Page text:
Onyx is a member of the Agate group of Chalcedony, which is part of the family of Quartz. Onyx differs from other Agates in that its lines of colour banding (normally black and white) are straighter. When Onyx is pure black it is referred to as Black Onyx and owes its distinctive colour to an ancient dyeing process. Because Onyx is 100% opaque it has an excellent lustre. In its natural form, this gemstone is available in a variety of colours: white and red bands – Carnelian Onyx, and Sardonyx which is the reddish brown coloured member of the Agate family. It usually has varying coloured layers and a vitreous to waxy lustre.
Onyx can be found in Brazil, India, Madagascar, Uruguay and USA.
Traditional legends, gemstone folklore and healing properties of Onyx
The name Onyx comes from the Greek word “onux”, meaning fingernail, as it comes in a variety of colours, from “fingernail” white, to black. Legends say that while the Goddess Venus was sleeping, Cupid cut her fingernails with an enchanted arrow and the cut fingernails left on the floor turned into Onyx. The ancient Greeks and Romans used it and many believed that wearing an Onyx stone strengthened the heart and kidneys, reduced stress, improved eyesight and aided sleep. The Persians and Indians thought that Onyx possessed magical powers and could protect from the “evil eye”. In the UK, Onyx became very popular during the Victorian era as Queen Victoria made black jewellery fashionable, as she only wore black for 40 years after the death of her husband. It was also a good substitute for the more expensive jet. In the 1920s it was widely used in art deco jewellery designs.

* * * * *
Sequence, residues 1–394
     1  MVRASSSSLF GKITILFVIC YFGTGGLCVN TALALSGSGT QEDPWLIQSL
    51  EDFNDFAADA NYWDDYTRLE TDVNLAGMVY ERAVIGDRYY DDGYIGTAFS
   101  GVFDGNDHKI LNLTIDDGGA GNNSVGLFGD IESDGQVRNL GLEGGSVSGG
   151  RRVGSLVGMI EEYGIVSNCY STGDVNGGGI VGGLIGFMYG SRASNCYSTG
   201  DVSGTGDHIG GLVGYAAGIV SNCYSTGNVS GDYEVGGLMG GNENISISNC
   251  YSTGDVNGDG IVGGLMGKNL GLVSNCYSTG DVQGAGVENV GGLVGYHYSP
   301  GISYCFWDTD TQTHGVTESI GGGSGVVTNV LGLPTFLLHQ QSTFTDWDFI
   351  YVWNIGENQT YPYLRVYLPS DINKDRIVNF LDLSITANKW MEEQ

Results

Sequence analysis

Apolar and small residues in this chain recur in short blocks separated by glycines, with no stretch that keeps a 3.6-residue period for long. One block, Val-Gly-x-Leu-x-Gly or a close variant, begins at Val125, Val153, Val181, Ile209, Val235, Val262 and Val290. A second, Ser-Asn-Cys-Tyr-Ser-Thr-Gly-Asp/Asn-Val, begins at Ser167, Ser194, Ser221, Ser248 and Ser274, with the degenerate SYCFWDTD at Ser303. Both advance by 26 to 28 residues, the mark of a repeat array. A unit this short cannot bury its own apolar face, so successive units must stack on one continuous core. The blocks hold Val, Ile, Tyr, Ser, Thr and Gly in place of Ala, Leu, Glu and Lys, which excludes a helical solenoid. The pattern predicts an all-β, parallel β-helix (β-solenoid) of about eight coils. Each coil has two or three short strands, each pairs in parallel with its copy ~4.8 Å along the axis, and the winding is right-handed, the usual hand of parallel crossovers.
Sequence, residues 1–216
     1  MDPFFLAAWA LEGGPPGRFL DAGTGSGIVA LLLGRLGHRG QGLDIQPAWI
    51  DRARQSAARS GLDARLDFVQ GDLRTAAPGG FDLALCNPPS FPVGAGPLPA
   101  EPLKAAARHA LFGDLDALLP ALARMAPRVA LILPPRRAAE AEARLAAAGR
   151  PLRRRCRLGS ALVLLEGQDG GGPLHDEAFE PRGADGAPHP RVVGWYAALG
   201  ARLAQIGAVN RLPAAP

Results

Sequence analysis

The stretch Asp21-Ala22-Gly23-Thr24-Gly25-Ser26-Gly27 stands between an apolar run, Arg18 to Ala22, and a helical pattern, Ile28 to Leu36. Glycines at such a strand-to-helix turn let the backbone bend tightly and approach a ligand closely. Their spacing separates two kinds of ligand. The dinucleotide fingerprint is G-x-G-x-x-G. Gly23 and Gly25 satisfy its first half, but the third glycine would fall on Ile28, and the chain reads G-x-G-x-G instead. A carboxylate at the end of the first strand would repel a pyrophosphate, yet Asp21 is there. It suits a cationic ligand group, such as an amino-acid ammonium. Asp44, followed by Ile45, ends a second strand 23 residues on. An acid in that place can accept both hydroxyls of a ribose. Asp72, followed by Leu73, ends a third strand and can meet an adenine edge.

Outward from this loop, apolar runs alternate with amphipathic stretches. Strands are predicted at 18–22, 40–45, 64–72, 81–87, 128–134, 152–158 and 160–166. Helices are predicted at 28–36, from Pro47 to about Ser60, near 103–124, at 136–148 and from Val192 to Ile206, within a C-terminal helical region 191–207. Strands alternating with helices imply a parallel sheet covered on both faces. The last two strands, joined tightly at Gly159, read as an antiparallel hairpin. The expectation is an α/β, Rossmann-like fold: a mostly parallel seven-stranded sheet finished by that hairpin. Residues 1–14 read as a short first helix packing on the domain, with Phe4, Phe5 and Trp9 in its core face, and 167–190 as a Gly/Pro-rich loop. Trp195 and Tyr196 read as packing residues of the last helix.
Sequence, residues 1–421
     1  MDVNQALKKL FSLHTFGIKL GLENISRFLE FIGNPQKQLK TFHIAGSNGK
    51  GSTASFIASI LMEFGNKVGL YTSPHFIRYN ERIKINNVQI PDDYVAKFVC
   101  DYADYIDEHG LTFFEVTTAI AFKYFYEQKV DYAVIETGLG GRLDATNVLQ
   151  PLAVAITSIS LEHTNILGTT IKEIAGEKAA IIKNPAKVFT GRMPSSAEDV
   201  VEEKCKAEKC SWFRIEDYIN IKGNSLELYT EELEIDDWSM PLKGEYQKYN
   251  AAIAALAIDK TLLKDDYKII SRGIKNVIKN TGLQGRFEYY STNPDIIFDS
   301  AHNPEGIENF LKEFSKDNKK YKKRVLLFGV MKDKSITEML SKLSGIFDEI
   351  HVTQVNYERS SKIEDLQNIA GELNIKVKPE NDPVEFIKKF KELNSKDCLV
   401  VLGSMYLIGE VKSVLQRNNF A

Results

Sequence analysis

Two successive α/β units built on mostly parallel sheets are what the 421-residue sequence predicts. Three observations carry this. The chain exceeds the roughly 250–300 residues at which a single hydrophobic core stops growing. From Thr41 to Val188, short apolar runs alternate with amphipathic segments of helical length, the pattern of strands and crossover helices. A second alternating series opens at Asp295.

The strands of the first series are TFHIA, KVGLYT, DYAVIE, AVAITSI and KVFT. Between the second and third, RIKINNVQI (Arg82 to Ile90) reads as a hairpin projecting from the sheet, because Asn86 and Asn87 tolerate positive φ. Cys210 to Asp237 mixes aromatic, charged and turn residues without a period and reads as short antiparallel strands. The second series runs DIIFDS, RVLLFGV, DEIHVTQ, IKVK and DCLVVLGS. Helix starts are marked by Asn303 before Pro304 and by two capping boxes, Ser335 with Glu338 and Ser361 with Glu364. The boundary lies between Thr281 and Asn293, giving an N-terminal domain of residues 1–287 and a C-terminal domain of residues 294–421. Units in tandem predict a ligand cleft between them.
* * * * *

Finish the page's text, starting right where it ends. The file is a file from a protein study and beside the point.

Onyx is believed to eliminate negative thinking and sharpen the wits, instinct, intuition and is said to help to change one’s habits.
Onyx is the birthstone for Leo (July) – shared with ruby and carnelian, and the gemstone for the seventh year wedding anniversary.